Violence Against American Indian and Alaska Native Women: Secondary Data Analysis

Secondary data analysis — reanalyzing existing data in new ways — is an important component of NIJ's research program on violence against American Indian (AI) and Alaska Native (AN) women. Because the data have already been collected, secondary data analysis often requires fewer resources (e.g., time and money) than does primary data collection. Secondary analysis provides an opportunity to expand our understanding of the nature, consequences and responses to violence against AI and AN women by using existing data sources.

Researchers are using a variety of health systems data and federal, state, local and tribal crime sources to examine:

  • The nature of calls for service.
  • Arrests and charges.
  • Protection order issuance and enforcement.
  • Prosecution and sentencing practices.
  • Case outcomes.
  • Homicide rates.

NIJ's secondary data analysis projects undertaken are:

  1. The Executive Office for United States Attorneys (EOUSA) Legal Information Office Network System (LIONS): 2008 Indian Country Case Management System Review
  2. FBI case file review of crimes against women that occurred in Indian Country
  3. Examination of Native American homicides
  4. Identification of data sources containing information on victimization of AI and AN women

1. The Executive Office for United States Attorneys (EOUSA) Legal Information Office Network System (LIONS): 2008 Indian Country Case Management System Review

This study was meant to thoughtfully examine the Justice Department's Indian Country practice as it pertains to the U.S. Attorneys' activities in Indian Country. NIJ partnered with EOUSA to examine LIONS data to try to provide a snapshot of Indian Country cases handled by U.S. Attorneys during the 2008 fiscal year.

NIJ staff reviewed all reporting tools and systems that U.S. Attorneys use to manage cases and report annual statistics. Other activities involved reviewing and documenting established internal control procedures and systems for gathering, verifying and reporting statistics; and reviewing case file documentation from official documents, such as annual statistical reports.

Before this effort, there had never been a systematic, detailed description of the U.S. Attorneys' activities in Indian Country, primarily because federal data systems were never designed to collect information about Indian Country specifically. Although EOUSA includes cases from Indian Country in its Annual Statistical Report,[1] much of the detail and context of Indian Country cases is lost when presented in aggregate-level reports.

NIJ's review was intended to address this lack of information by providing a snapshot of Indian Country cases handled by U.S. Attorneys. However, this review identified a number of serious limitations in using these data as a measure either of crime or of prosecution efforts in Indian Country. It was determined that proper analysis of case processing in Indian Country required a thorough review of individual case information that could only be obtained by reviewing individual hardcopy case files and consulting with U.S. Attorney's Office staff. Given the limitations of the data and the prohibitive government investment that would be required to conduct hard copy case file reviews, this project was suspended.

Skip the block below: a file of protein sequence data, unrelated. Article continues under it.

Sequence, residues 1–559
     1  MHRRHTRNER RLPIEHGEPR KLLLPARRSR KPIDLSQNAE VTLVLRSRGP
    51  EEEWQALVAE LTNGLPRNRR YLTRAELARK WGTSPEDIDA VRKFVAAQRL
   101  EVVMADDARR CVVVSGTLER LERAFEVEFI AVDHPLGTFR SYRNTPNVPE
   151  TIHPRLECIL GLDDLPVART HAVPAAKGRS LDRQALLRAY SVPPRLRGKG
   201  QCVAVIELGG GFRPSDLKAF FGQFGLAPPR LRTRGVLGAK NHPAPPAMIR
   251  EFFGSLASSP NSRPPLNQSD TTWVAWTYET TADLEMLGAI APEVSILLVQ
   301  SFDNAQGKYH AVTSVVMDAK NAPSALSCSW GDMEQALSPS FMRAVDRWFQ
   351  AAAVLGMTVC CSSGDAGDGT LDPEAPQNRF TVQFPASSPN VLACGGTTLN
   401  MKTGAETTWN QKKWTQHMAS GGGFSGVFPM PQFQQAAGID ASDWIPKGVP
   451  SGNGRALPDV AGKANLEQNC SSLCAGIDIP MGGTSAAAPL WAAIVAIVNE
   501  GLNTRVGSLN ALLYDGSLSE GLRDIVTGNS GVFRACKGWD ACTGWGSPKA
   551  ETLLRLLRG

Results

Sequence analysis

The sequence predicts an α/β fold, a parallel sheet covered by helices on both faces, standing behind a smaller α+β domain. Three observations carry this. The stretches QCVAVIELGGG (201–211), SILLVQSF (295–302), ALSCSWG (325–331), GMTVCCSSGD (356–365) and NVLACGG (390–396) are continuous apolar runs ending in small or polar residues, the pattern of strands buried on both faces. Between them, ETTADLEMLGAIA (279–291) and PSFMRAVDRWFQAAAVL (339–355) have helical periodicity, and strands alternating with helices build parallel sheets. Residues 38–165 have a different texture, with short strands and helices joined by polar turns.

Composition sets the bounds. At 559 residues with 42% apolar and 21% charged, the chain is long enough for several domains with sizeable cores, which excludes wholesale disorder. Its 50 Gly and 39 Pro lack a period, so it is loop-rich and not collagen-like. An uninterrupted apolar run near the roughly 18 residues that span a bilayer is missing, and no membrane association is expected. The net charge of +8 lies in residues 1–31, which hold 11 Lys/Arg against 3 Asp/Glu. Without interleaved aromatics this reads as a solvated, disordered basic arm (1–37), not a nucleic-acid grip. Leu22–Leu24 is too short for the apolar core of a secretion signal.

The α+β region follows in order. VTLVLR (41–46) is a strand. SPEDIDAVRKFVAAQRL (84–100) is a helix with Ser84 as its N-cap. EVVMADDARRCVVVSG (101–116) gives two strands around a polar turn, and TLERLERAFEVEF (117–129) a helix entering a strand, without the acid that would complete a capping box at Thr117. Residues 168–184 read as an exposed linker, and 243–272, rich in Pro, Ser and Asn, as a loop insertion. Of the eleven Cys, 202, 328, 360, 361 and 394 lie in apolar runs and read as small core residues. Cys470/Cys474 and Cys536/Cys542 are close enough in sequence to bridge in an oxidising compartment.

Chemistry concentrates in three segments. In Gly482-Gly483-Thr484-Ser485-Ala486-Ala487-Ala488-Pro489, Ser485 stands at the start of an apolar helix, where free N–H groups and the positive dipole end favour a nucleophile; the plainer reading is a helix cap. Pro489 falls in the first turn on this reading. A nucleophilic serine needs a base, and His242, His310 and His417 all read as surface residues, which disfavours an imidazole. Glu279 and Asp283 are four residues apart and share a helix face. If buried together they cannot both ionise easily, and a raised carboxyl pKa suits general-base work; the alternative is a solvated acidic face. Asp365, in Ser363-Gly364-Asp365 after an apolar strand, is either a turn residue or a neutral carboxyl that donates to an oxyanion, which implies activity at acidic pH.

2. FBI Case File Review of Crimes Against Women That Occurred in Indian Country

NIJ and the FBI's Indian Country Crimes Unit partnered to study the FBI's response to violence against Native American women in Indian Country. NIJ and the FBI are interested in obtaining baseline statistics about the:

  • Number of cases opened, pending and closed in 2008 in Indian Country.
  • Percentage and nature of those cases that involve a form of violence against adult Native American women.
  • Response and strategies used by the FBI to investigate these cases.

This project examines all death investigations, domestic violence, sexual assault and assault case files where the victim was a Native American woman. The information collected for this project gives details about geographic dispersion of cases and more information about the numbers of cases associated with constructs such as domestic violence or homicide. A research brief is forthcoming in the spring of 2013.

3. Examination of Native American Homicides

This project will examine the nature and incidence of Native American homicides. The analyses will be based on data collected by the Centers for Disease Control and Prevention, the Indian Health Service, the FBI, the Bureau of Indian Affairs and state authorities. The project will examine the differences between the various data sources and compare the estimates obtained from these analyses with existing estimates. Researchers will discuss the impact that these differences have on policy and research.

4. Identification of Data Sources Containing Information on Victimization of American Indian and Alaska Native Women

This project involved the identification of data sources and data systems that pertain to the victimization of American Indian and Alaska Native women, both on and off tribal lands. The data sources and data systems of interest include those that will provide statistics on:

  • The number and types of calls for service.
  • The number and types of cases opened.
  • The number and types of arrests and charges executed.
  • Preliminary protective orders and permanent protective orders issued and enforced.
  • Description of cases and outcomes.
  • The number of and characteristics of homicide cases.

For a copy of the report, see State Data on Domestic Violence and Sexual Assault Directed Against Tribal Women (pdf, 9 pages), January 2010.

Note

[1] See Offices of the United States Attorneys, United States Attorneys' Annual Statistical Reports, Washington, D.C.: U.S. Department of Justice, Offices of the United States Attorneys.

Date Modified: February 20, 2013